2. Bancha – means “common tea” and refers to a lower grade of Japanese green tea, sencha, that is harvested during the summer and autumn. Bancha usually consists of larger leaves and upper stems, which are discarded during the production of sencha. Compared to sencha, bancha is less aromatic and more astringent. Nonetheless, bancha is much appreciated in Japan for its more robust flavor.
  3. Aki Bancha (Fall Bancha) — this bancha is the last flush of the year (last harvest).
  4. Hachijuhachiya Sencha — 88th Day Sencha. This type of sencha is usually harvested on the 88th day of the traditional Japanese calendar, which falls around May 2nd. Following a long-standing tradition of many decades, sencha harvested on this day is considered auspicious and brings good luck and good health. 8 is a lucky number in Japan and the 88th day represents the start of the Spring harvest.
  5. Hojicha – Japanese green tea that is produced by roasting bancha or kukicha. The result is a tea with no bitterness and a woody char taste. There can be both lighter and more deeply roasted Hojicha. Unlike other Japanese teas, Hojicha has a distinct reddish-brown color when brewed. Lower in caffeine, Hojicha makes a great after-dinner tea and is often given to small children.
  6. Kabusecha — this tea variety is processed in the same way as gyokuro, although the quality is a little lower. Unlike gyokuro, the tea bushes are shaded from the sun using a straw screen only for a few days.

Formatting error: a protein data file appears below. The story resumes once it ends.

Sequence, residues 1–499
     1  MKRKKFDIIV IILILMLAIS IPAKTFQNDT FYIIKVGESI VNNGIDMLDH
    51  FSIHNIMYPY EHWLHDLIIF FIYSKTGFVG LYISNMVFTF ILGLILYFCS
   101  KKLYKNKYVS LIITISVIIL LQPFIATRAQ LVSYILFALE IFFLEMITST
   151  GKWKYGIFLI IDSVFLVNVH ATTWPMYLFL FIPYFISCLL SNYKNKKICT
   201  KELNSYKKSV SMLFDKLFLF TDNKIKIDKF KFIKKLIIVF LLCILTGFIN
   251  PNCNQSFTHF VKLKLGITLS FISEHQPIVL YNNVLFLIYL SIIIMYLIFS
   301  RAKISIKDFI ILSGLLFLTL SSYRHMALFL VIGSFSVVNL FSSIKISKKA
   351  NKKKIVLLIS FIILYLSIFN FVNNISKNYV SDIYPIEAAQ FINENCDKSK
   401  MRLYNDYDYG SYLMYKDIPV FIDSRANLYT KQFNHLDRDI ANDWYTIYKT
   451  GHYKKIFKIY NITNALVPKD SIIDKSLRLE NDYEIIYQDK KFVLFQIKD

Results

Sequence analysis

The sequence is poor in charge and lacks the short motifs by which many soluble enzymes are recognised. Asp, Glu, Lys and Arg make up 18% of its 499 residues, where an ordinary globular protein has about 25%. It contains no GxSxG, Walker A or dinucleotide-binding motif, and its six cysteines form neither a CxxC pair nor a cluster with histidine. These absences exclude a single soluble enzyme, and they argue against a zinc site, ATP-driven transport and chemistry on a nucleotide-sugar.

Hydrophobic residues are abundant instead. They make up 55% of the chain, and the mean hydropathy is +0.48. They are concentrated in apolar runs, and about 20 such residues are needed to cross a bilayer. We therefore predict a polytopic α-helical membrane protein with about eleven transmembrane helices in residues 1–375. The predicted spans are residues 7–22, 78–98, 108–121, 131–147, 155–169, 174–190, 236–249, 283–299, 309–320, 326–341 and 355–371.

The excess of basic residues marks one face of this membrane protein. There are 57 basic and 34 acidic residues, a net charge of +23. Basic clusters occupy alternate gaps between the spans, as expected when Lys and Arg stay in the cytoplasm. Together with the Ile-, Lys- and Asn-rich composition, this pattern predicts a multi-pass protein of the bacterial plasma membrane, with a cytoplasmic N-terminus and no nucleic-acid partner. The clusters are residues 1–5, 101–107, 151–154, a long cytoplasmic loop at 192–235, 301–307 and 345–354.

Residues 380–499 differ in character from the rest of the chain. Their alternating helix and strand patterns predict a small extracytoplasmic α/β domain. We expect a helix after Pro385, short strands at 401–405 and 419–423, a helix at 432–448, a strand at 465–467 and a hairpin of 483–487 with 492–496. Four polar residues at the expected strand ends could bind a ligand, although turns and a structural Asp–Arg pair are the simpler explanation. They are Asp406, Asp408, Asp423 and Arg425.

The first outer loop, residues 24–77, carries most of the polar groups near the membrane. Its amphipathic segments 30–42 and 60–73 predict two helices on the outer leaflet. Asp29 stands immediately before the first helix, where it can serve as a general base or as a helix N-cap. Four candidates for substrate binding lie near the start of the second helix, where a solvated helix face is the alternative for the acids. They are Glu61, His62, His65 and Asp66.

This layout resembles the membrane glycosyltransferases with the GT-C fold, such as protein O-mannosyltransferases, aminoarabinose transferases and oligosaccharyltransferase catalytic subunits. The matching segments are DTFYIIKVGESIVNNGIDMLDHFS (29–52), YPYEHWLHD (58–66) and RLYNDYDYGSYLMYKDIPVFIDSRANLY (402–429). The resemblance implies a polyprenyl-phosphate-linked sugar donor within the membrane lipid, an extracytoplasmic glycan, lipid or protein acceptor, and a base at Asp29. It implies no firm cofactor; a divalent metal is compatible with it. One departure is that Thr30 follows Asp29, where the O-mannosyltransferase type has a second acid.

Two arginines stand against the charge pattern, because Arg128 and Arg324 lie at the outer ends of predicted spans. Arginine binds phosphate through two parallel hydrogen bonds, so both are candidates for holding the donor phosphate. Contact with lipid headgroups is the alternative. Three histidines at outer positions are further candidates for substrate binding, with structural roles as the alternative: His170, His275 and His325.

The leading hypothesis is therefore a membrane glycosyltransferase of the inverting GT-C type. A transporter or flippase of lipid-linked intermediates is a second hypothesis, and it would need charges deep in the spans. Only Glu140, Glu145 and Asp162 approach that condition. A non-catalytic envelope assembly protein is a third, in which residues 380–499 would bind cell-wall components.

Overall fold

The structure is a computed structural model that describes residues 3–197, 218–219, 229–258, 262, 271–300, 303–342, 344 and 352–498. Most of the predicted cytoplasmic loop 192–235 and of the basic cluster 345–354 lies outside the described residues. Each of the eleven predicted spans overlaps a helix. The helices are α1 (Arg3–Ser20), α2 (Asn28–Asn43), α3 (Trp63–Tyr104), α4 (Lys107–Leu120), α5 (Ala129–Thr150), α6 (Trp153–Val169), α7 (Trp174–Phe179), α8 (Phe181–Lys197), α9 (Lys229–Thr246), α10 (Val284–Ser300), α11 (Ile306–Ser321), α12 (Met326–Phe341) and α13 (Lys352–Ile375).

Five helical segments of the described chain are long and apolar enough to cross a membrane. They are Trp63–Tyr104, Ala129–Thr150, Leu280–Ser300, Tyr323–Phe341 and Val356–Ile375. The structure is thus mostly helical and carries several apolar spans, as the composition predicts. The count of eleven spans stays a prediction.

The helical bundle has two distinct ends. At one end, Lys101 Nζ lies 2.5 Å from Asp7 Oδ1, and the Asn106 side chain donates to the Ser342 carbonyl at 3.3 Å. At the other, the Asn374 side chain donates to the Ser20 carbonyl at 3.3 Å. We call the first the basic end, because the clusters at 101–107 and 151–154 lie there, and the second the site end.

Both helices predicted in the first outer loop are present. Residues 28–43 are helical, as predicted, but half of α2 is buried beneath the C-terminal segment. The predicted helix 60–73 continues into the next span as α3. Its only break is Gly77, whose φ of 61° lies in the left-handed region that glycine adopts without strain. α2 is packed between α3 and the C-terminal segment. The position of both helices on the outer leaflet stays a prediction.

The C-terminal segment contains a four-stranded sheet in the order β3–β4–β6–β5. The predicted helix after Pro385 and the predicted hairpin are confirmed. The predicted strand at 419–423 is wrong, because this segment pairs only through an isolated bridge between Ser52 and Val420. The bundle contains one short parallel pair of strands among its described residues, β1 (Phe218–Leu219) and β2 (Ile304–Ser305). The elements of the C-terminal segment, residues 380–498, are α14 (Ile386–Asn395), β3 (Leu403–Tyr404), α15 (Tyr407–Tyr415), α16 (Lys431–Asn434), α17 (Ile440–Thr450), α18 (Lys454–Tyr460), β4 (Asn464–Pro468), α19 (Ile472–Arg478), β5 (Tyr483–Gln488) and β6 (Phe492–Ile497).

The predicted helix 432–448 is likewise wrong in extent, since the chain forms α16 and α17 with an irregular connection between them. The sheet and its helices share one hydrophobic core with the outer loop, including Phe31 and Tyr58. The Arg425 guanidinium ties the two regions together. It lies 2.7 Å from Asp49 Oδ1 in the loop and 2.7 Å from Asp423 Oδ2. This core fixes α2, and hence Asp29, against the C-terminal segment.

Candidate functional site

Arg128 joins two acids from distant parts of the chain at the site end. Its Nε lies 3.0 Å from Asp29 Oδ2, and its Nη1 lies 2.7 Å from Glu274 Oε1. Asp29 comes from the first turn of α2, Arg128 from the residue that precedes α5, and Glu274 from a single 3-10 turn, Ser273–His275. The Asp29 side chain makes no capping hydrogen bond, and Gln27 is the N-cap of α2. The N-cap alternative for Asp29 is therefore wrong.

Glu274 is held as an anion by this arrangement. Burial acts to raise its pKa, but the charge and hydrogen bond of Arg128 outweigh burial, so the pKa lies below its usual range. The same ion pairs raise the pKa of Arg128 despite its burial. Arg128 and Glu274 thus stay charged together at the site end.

7. Kamairicha — this tea is pan-fried using a traditional technique, while most Japanese teas are steamed. It is also distinctly sweeter.
  8. Konacha — the lowest grade of Japanese teas, also the cheapest.
    Konacha, sometimes also referred to as “sushi restaurant tea”, the term is quite self-explanatory. Konacha is essentially tea dust from sencha and gyokuro processing. It looks quite similar to matcha but should not be mistaken for it!
  9. Kukicha —  twig tea. Kukicha is a blend of leaves, stems, and stalks that are typically discarded during the production of gyokuro and sencha. The flavor of green kukicha is light and refreshing with a mild sweetness, and its aroma is fresh and vegetal. Roasted kukicha, on the other hand, has a distinct calming and nutty flavor.
  10. Mecha — a rolled green tea made from early spring buds and leaves. The grades can vary from high to low.
  11. Tamaryokucha — a tea that is most popular in Kyushu. Its taste is distinctly citrusy, fruity, tangy, and grassy.
  12. Ujicha — green tea produced specifically in the Uji area of Kyoto. This area has a long-standing history of tea production dating back hundreds of years. Up until the Meiji era, tea was transported in a ceremonial matter from Uji to Edo (present-day Tokyo). Nowadays many enthusiasts travel to Uji to feel the history and get a taste of the famed tea. Walking around Uji, the whole town has the pleasantly sweet smell of tea.
  13. Yamecha — a tea produced in Fukuoka Prefecture and regarded for its high quality. Yamecha accounts for 45% of all gyokuro production in Japan. 

 

 

 

Don't forget to check in this week for part 2!

 

Click here to learn more about Japanese teas. 

 

 








Share this post



← Older Post Newer Post →


Leave a comment